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J Adolesc. 2019 Feb;71:28-37. doi: 10.1016/j.adolescence.2018.12.005. Epub 2018 Dec 26.

Evaluating school and peer protective factors in the effects of interparental conflict on adolescent threat appraisals and self-efficacy.

Author information

1
Human Development and Family Studies, The Pennsylvania State University, USA; Prevention Research Center, The Pennsylvania State University, USA. Electronic address: dwm23@psu.edu.
2
Human Development and Family Studies, The University of Alabama, USA.
3
Prevention Research Center, The Pennsylvania State University, USA.
4
Human Development and Family Studies, The Pennsylvania State University, USA; Prevention Research Center, The Pennsylvania State University, USA.

Abstract

INTRODUCTION:

Recent work has sought to understand how family-specific risk, such as exposure to interparental conflict, may generalize to developmentally-salient processes in adolescence. A cascade model has been identified in which conflict-specific threat appraisals may erode adolescents' self-efficacy over time, and in turn, undermine their psychological well-being. The goal of this study was to integrate success in the school and peer contexts as potential contextual protective factors that may mitigate the effects of interparental conflict on self-efficacy.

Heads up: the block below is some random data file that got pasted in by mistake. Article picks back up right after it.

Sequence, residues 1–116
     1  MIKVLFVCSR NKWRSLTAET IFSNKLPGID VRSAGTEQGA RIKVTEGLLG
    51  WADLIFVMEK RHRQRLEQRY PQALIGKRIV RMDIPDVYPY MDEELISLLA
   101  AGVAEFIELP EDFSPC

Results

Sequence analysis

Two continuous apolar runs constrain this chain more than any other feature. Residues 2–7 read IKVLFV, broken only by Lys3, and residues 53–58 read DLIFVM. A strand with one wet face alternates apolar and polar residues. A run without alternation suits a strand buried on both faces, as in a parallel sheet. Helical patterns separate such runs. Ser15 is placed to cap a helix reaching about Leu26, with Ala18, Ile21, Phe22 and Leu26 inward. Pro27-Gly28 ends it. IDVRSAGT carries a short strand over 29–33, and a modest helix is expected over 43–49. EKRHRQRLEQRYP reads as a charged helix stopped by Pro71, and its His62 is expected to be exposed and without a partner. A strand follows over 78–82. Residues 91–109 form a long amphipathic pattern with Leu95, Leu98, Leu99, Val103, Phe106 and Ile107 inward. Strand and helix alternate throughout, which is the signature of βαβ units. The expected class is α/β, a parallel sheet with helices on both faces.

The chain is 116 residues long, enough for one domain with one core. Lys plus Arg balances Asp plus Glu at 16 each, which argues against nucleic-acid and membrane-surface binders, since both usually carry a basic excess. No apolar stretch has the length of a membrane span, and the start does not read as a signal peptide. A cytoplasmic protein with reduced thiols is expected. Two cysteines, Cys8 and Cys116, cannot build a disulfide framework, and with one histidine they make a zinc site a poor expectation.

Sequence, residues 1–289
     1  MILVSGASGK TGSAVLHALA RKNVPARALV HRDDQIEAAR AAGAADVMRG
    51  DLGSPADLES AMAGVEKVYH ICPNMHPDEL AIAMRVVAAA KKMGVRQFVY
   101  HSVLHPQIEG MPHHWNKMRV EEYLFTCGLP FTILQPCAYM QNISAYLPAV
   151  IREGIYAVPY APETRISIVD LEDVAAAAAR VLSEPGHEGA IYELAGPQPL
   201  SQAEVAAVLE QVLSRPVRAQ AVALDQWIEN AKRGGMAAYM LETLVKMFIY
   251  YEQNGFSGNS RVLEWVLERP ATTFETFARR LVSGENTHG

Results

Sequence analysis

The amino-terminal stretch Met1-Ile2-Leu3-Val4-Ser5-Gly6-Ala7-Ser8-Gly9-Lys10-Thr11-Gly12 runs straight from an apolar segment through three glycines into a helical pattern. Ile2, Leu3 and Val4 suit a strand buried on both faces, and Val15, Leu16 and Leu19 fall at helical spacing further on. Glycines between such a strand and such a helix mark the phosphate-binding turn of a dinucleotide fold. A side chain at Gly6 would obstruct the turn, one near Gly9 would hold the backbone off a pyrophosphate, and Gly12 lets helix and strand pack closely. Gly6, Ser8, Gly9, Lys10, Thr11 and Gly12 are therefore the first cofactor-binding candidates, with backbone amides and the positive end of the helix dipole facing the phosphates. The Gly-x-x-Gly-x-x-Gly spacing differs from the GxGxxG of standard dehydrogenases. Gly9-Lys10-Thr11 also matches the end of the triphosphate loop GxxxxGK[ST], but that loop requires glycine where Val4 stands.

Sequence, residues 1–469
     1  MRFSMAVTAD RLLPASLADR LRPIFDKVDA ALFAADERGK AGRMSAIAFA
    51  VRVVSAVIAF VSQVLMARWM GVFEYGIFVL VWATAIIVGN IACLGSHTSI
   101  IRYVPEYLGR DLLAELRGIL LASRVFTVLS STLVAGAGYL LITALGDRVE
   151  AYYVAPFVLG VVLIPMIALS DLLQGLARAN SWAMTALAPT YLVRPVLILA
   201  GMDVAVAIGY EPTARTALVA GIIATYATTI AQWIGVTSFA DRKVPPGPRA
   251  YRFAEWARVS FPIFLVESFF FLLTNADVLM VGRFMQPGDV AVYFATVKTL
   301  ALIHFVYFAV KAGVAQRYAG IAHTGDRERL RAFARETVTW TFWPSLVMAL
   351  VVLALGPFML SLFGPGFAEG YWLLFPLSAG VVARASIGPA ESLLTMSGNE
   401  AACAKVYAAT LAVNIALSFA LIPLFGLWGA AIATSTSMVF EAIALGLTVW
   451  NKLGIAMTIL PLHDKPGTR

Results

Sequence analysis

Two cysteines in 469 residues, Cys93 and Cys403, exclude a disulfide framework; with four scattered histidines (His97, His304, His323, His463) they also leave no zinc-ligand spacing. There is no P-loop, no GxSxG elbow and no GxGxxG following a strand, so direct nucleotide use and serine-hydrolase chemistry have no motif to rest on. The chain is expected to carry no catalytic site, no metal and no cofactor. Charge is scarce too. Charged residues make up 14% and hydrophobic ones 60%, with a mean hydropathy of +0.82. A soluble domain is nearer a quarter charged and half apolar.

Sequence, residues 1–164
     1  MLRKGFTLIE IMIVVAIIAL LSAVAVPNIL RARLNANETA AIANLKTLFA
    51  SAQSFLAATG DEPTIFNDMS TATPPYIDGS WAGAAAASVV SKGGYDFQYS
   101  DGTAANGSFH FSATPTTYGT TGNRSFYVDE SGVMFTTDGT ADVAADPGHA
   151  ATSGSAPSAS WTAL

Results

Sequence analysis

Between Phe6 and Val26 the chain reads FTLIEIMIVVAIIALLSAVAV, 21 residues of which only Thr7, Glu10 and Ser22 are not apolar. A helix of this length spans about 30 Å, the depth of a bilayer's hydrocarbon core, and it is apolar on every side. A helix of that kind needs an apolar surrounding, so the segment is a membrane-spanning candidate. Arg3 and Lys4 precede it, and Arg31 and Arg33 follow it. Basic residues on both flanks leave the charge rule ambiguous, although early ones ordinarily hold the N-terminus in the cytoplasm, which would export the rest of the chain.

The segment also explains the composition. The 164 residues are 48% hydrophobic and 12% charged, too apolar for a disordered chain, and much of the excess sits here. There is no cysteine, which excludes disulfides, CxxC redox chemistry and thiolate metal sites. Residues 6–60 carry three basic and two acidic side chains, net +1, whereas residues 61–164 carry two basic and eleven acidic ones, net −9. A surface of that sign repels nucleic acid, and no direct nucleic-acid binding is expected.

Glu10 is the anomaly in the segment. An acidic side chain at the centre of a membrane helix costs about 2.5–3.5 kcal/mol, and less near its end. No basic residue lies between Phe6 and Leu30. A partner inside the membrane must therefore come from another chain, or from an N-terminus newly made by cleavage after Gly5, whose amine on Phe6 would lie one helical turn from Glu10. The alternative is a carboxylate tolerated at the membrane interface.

METHODS:

We tested the additive and interactive effects of success in school and peer contexts on adolescent self-efficacy to better understand these ecological contextual factors for a family risk model. Analyses were conducted using structural equation modeling with a sample of 768 two-parent U.S. families across three measurement occasions. Interparental conflict, threat appraisals, self-efficacy, and school success and peer support were measured using multiple, established scales.

RESULTS:

Results supported the additive effects model, in that school success and peer support significantly contributed to general self-efficacy above and beyond the effects of threat appraisals of interparental conflict, but did not moderate the association between threat appraisals and self-efficacy.

CONCLUSIONS:

Findings indicate that strengths in school and peer contexts have potential to compensate for, but do not appear to buffer, the negative effects of threat appraisals of interparental conflict and underscore the importance of these contexts for understanding multifinality in outcomes of adolescents exposed to interparental conflict.

KEYWORDS:

Cognitive-contextual framework; Interparental conflict; Peer support; School success; Self-efficacy; Threat appraisals

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